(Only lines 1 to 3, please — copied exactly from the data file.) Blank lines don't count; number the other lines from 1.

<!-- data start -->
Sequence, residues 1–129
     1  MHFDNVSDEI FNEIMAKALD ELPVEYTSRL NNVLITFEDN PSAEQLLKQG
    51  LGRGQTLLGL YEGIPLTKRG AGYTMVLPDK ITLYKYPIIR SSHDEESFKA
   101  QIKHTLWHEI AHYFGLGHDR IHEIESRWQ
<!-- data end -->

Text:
Sequence, residues 1–129
     1  MHFDNVSDEI FNEIMAKALD ELPVEYTSRL NNVLITFEDN PSAEQLLKQG
    51  LGRGQTLLGL YEGIPLTKRG AGYTMVLPDK ITLYKYPIIR SSHDEESFKA